Business

These Mocktails Are No Shirley Temples

Seedlip’s nonalcoholic cocktails taste and feel like the real thing, just without the buzz.

Seedlip’s Negroni. 

Photographer: Caroline Tompkins for Bloomberg Businessweek

As hipsters rediscover classic cocktails like the Sidecar, their teetotaling friends are stuck with cola, water, or such treacly confections as the Shirley Temple. After one too many mocktails at pubs, Ben Branson decided to create a nonalcoholic alternative to booze that didn’t taste like it was made for children. Turning to The Art of Distillation, a spirits-making guide first published in 1651, the former branding consultant began experimenting in his kitchen in a cottage near London. The result: Seedlip, a ginlike drink that aims to deliver the depth of flavor and mouthfeel of a high-end spirit—but with no alcohol.

Introduced two years ago, Seedlip is riding the wave of interest in more healthful artisanal food and drink that’s boosting sales of everything from quinoa to craft beer to premium tonic. Branson’s brand, which comes with the pretensions of the trendiest small-batch spirits—and the premium price, $55 in the U.S.—is stocked in more than 100 Michelin-starred restaurants. It sells online for more than four times the price of Ginsin, which markets itself as a nonalcoholic gin made with botanicals including hibiscus and lavender. Last year, Spirits giant Diageo Plc took a minority stake in Seedlip. “We know we should be exercising, we know we should probably be drinking less midweek,” says Branson, who gave up alcohol about seven years ago. “I wanted to do something about it and solve this dilemma of ‘What do you drink when you’re not drinking?’ ”

Nonalcoholic beers—containing less than 0.5 percent alcohol—such as O’Doul’s in the U.S. and Germany’s Clausthaler have been around for years. But recent entrants like Nirvana Brewery in London are trying to infuse the category with some craft cool, with such brews as Kosmic Stout and Karma Pale Ale. And Danish brewer Carlsberg A/S says European sales of low-alcohol beers such as its 0.5 percent-alcohol Nordic Pilsner rose 13 percent in the first half of 2017 vs. the year-earlier period. Dutch rival Heineken NV is banking on the nonalcoholic Heineken 0.0 it’s introduced in 14 countries since last summer. “You know, 25 years ago everyone was drinking alcohol at lunch, and that’s quasi-disappeared today,” Jean-François van Boxmeer, Heineken’s chief executive officer, told investors at a conference in November. “Why not drink a 0.0 beer instead of water?”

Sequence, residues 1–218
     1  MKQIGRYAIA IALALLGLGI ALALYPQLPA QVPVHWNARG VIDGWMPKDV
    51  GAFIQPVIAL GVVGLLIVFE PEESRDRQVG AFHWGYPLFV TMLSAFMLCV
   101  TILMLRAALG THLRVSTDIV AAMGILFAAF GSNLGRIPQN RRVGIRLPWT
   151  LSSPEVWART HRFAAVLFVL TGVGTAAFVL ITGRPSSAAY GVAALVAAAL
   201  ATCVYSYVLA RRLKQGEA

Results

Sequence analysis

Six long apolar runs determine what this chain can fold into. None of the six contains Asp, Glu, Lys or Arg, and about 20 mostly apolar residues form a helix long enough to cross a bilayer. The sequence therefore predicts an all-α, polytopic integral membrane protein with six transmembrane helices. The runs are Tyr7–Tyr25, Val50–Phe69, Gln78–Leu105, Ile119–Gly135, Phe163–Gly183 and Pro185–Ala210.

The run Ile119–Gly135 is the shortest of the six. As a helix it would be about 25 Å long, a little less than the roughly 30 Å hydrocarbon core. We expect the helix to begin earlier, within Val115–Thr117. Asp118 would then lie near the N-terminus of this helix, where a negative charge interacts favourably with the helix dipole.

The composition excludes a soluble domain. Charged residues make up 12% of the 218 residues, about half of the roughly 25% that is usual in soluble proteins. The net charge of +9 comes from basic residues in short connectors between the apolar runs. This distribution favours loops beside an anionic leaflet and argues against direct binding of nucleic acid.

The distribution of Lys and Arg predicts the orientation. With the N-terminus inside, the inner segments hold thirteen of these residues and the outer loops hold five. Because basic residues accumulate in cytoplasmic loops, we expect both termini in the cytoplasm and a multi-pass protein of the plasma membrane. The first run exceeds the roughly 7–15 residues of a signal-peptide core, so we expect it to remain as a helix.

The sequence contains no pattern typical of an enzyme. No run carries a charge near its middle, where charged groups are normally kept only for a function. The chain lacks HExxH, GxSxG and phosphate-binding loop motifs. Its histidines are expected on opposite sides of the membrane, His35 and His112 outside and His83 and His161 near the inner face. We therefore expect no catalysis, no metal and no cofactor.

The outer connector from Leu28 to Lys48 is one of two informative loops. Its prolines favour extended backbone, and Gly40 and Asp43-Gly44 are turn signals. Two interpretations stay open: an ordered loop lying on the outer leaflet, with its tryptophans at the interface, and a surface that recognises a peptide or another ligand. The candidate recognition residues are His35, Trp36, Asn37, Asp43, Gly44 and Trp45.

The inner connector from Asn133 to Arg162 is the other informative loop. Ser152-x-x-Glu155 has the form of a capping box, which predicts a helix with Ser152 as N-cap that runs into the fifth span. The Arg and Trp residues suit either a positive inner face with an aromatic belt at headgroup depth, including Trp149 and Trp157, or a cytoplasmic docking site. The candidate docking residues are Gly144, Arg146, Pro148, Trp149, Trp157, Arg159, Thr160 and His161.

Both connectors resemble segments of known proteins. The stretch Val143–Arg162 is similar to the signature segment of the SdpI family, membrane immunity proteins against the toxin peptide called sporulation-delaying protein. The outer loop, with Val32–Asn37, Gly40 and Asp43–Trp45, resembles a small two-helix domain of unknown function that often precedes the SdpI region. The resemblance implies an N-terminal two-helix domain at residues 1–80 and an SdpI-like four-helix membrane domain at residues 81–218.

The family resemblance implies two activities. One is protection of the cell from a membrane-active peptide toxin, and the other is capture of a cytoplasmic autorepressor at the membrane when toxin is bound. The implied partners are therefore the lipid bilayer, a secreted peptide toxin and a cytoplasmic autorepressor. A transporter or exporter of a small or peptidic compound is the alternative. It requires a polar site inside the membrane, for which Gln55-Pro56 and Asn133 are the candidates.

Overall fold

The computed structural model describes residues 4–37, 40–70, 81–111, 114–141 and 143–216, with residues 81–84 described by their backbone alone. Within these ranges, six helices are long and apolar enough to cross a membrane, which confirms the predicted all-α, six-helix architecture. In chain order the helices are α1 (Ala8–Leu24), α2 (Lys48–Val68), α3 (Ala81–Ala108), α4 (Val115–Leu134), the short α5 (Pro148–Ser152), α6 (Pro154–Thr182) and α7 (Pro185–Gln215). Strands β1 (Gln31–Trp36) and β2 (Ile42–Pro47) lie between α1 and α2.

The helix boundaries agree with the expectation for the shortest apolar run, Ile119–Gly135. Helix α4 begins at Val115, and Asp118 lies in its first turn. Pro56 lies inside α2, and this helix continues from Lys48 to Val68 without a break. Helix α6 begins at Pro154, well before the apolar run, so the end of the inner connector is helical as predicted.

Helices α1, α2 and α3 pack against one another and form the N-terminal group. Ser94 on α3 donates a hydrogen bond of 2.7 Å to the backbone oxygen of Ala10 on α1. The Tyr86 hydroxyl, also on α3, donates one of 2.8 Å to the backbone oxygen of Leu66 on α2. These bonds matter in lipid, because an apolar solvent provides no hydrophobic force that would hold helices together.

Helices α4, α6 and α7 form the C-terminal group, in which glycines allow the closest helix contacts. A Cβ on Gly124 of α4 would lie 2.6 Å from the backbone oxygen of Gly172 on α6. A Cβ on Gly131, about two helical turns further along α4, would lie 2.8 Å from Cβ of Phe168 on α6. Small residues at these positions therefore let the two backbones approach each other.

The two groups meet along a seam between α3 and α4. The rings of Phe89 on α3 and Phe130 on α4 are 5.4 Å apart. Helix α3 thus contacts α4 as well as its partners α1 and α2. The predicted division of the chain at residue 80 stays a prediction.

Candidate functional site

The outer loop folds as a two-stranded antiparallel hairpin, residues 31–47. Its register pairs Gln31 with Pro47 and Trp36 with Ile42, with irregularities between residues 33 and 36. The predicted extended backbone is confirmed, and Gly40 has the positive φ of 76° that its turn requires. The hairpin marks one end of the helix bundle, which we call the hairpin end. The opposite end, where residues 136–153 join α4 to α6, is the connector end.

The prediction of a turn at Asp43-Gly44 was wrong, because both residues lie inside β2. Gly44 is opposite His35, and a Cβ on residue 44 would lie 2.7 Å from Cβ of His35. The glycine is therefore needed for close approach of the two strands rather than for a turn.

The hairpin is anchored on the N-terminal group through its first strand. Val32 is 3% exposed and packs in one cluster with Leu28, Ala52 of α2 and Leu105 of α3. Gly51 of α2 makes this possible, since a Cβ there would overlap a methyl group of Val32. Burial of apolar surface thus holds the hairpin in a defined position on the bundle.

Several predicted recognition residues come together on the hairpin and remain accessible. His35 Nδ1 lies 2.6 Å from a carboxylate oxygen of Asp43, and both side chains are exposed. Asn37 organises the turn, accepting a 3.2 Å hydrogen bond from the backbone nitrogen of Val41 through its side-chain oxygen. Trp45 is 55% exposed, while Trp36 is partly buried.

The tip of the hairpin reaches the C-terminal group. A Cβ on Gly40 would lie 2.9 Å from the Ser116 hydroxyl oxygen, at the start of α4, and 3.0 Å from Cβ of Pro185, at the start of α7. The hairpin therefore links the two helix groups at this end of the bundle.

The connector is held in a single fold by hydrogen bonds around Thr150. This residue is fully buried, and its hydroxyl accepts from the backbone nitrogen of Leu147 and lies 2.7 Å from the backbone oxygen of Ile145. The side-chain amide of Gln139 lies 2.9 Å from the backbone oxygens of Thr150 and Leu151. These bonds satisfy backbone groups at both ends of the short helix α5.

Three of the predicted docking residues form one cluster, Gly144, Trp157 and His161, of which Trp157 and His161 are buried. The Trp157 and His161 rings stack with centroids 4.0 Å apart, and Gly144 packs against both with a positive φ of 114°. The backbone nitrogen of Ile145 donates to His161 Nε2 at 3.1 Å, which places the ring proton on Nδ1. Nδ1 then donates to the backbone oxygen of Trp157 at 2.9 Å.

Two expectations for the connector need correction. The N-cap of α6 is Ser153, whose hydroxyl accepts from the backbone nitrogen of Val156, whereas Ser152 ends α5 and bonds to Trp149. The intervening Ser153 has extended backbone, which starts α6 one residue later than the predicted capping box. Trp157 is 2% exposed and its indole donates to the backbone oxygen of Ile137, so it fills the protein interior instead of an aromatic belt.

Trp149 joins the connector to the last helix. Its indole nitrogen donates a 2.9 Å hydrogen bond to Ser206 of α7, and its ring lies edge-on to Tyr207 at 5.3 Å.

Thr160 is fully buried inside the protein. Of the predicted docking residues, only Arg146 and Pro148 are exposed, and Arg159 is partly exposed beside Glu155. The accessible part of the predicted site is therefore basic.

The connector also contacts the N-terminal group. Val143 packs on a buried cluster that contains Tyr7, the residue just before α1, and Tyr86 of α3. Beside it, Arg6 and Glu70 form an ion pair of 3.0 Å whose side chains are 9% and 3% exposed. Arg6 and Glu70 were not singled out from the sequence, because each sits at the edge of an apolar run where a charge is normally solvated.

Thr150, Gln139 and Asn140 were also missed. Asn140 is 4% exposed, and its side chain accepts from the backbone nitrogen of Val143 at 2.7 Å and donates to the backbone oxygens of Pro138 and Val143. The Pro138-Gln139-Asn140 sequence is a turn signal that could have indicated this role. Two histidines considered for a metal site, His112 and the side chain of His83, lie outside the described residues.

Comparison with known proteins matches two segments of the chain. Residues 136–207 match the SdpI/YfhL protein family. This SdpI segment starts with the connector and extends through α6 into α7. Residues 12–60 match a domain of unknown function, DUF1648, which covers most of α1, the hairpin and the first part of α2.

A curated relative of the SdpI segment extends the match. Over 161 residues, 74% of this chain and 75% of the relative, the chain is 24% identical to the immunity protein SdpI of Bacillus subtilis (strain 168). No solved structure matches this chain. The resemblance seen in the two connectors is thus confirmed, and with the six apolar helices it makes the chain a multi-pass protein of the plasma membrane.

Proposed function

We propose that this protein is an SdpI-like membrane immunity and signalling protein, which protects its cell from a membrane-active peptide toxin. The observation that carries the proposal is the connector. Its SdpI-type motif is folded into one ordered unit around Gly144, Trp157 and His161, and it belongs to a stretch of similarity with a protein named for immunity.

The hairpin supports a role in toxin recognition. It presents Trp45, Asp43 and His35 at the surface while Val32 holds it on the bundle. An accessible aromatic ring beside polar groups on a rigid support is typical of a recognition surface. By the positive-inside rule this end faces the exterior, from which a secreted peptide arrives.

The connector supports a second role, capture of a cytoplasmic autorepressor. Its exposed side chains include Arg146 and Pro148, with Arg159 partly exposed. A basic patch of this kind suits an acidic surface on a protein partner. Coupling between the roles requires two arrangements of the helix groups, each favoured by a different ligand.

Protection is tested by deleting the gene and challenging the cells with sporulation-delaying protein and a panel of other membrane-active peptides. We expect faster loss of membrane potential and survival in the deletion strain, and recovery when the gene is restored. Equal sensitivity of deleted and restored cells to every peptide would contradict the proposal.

If the day of peak alcohol has gone, Seedlip is among the early winners of the morning after. Industry tracker IWSR estimates that global alcohol consumption fell 1.3 percent last year amid growing concern about the effects of excessive drinking. While low- or nonalcohol faux spirits, wine, and beer remain a tiny niche, sales grew almost 5 percent in 2016, researcher Euromonitor International says. At Selfridges, the tony London department store that was the first to stock the drink Branson was bottling by hand in 2015, the initial batch of 1,000 bottles sold out in the store in three weeks, the second in three days, and the third in three minutes online.

It takes six weeks to make Seedlip, named after the baskets that farmers in Branson’s home region of Lincolnshire used to sow their grain fields a century ago. The company makes two versions—Garden 108, with hints of spearmint, and Spice 94, redolent of cardamom. The botanicals, from citrus peel to bark, are macerated before being distilled in copper pots much like any liquor. That concoction is boiled down to burn off the small amounts of alcohol used in the process, leaving a concentrated distillate with no potential for getting you drunk. It’s blended and mixed with water to create an aromatic liquid akin to gin, which goes down smoothly but still manages to taste and feel something like a stiff drink. Seedlip will release a second alcohol-free drink next spring.

To build interest in the brand, Branson has lined up support from the likes of Joe Hodrien, supervisor at the American Bar at London’s Savoy Hotel, which topped the World’s 50 Best Bars list earlier this year. Nonalcoholic drinks have “always had a stigma, especially with groups of guys,” Hodrien says. “Seedlip’s seen as more serious.” In March the bar revamped its menu with five Seedlip-based cocktails made with ingredients such as kefir, coffee cordial, and gooseberry jam. About 1 in 5 tables orders a drink made with the stuff, he says. In the U.S., New York’s Dean & DeLuca grocery and Dead Rabbit Grocery and Grog bar and San Francisco’s Atelier Crenn restaurant stock the brand. Berry Bros. & Rudd, London’s most august wine merchant, says Seedlip has seen strong sales since it was added to the lineup last year. And Stuart Elkington, who last year founded a website called DryDrinker.com, says it’s among his top-selling products. “There’s been a dramatic increase in demand,” Elkington says. “The growth is phenomenal.”

    BOTTOM LINE - Tapping into the trend of artisanal, small-batch spirits, Seedlip is in the vanguard of a growing cadre of companies offering ersatz booze.
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